3. Only one-in-four U.S. adults say it’s extremely or very important to have a four-year college degree to get a well-paying job.
  4. About half (49%) say it’s less important to have a four-year college degree today to get a well-paying job than it was 20 years ago.
  5. Only 22% say the cost of getting a four-year college degree today is worth it even if someone has to take out loans.
  6. Views on the cost of college differ by Americans’ level of education.
  7. Even among four-year college graduates, only about a third (32%) say college is worth the cost even if someone has to take out loans.
  8. Views on the importance of college differ widely by partisanship.
  9. Republicans and Republican-leaning independents are more likely than Democrats and Democratic leaners to say that a college degree is less important now than it was 20 years ago.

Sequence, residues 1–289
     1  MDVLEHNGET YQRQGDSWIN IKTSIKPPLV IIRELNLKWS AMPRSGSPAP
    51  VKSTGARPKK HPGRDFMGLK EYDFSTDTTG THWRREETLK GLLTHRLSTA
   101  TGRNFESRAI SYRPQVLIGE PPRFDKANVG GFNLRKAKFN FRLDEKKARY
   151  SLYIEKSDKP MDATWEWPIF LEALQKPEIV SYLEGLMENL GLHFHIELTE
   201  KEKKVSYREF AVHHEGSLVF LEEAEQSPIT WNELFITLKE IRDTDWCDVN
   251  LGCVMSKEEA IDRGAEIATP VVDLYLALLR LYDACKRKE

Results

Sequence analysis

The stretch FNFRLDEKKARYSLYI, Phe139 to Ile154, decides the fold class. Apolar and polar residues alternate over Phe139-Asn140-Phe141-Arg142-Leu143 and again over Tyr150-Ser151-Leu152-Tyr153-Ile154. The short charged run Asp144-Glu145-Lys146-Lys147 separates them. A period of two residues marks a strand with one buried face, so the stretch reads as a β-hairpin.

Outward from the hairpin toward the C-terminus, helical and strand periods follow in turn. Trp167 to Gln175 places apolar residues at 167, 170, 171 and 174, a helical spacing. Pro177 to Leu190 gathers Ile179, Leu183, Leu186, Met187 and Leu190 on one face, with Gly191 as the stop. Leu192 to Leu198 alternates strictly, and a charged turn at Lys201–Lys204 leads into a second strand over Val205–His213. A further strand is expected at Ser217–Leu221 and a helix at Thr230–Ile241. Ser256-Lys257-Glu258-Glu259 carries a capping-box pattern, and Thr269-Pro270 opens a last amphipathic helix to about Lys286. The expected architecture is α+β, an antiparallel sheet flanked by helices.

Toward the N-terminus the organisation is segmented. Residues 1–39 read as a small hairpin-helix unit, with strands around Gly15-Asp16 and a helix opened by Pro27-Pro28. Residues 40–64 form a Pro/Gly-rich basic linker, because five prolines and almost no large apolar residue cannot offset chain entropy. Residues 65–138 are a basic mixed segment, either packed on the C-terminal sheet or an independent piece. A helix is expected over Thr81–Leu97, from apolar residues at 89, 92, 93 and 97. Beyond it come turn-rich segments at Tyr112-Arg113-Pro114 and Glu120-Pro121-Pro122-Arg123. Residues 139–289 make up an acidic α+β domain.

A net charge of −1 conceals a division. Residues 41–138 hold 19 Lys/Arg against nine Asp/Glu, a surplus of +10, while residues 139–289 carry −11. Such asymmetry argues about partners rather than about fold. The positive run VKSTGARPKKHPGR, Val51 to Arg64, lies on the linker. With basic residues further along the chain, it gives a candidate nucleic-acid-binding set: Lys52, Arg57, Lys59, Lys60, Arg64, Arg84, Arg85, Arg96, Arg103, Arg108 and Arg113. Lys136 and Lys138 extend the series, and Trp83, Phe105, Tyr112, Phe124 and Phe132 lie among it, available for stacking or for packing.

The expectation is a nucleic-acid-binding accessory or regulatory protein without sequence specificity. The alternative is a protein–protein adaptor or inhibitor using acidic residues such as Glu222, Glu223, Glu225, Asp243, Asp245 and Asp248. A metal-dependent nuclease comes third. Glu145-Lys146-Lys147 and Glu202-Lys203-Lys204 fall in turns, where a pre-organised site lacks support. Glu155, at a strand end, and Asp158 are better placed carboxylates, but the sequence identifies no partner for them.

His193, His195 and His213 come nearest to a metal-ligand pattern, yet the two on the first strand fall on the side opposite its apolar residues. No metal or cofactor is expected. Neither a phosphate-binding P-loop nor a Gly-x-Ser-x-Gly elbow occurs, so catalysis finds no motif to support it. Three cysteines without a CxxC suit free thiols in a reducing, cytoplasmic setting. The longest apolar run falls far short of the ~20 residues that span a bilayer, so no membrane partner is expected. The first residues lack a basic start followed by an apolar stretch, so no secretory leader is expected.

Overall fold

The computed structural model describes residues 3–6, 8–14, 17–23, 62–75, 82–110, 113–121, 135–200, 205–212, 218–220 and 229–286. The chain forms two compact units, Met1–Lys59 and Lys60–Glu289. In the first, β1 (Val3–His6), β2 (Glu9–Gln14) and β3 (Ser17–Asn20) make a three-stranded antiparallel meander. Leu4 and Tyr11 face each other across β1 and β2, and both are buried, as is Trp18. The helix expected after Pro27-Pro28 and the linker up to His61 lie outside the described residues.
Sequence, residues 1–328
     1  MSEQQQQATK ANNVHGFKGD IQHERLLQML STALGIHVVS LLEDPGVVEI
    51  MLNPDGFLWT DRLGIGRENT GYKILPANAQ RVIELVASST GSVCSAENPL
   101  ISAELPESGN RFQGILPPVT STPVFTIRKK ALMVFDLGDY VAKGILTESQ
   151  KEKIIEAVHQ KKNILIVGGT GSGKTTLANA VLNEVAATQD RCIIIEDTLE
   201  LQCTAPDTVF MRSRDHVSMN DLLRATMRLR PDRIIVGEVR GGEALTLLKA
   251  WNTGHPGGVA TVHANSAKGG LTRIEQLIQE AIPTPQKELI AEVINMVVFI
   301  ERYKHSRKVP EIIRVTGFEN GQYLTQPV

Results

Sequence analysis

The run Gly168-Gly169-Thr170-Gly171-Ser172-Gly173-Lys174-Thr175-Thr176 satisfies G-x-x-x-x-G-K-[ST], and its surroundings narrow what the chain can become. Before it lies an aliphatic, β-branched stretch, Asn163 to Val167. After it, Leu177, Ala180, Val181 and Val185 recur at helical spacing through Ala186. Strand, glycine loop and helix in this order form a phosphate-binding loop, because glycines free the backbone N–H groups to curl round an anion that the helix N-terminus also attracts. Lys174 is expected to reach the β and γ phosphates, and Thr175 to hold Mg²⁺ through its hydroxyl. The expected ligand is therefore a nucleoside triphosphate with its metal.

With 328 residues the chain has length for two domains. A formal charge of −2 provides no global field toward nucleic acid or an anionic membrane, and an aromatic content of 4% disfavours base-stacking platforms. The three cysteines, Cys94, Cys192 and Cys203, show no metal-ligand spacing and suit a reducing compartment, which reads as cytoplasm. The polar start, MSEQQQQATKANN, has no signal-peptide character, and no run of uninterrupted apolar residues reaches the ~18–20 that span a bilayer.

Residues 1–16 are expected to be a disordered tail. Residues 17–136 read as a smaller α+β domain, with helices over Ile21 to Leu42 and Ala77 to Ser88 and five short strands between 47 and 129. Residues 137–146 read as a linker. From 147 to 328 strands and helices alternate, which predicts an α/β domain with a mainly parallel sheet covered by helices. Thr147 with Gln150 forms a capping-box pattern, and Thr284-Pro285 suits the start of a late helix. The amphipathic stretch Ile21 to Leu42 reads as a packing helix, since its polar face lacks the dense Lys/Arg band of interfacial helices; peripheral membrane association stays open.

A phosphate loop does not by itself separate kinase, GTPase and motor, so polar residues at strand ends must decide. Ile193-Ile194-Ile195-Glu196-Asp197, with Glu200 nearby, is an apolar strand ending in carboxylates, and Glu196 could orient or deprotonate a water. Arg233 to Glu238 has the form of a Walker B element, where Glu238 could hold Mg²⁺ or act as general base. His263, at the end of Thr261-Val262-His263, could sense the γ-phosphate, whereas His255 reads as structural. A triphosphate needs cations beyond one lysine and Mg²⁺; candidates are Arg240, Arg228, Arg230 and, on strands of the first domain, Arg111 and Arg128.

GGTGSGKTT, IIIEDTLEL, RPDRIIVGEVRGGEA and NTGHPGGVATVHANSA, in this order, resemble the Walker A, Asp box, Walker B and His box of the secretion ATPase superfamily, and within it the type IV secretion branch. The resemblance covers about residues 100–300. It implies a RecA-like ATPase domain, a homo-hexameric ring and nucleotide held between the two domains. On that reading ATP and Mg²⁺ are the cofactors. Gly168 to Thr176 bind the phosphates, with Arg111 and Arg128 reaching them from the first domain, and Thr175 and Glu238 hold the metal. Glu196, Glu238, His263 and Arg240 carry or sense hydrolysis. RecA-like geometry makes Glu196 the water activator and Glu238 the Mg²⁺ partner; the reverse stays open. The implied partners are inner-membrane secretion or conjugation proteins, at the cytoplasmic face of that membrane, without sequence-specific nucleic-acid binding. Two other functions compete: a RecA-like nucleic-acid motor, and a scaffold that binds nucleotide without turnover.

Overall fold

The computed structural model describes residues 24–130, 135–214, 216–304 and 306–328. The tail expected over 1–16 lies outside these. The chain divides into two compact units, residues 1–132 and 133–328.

10. The report comes amid rising tuition costs and mounting student debt, leading to a debate on the value of higher education.



Conclusion: 


The article “Is College Worth It?” presents a nuanced view of the value of a college degree in today’s society. While economic outcomes have improved for young adults, the perceived importance and worth of a college degree vary widely among U.S. adults. These findings highlight the ongoing debate about the value of higher education in the face of rising costs and increasing student debt.





REFERENCES

The g-f GK Context







ABOUT THE AUTHORS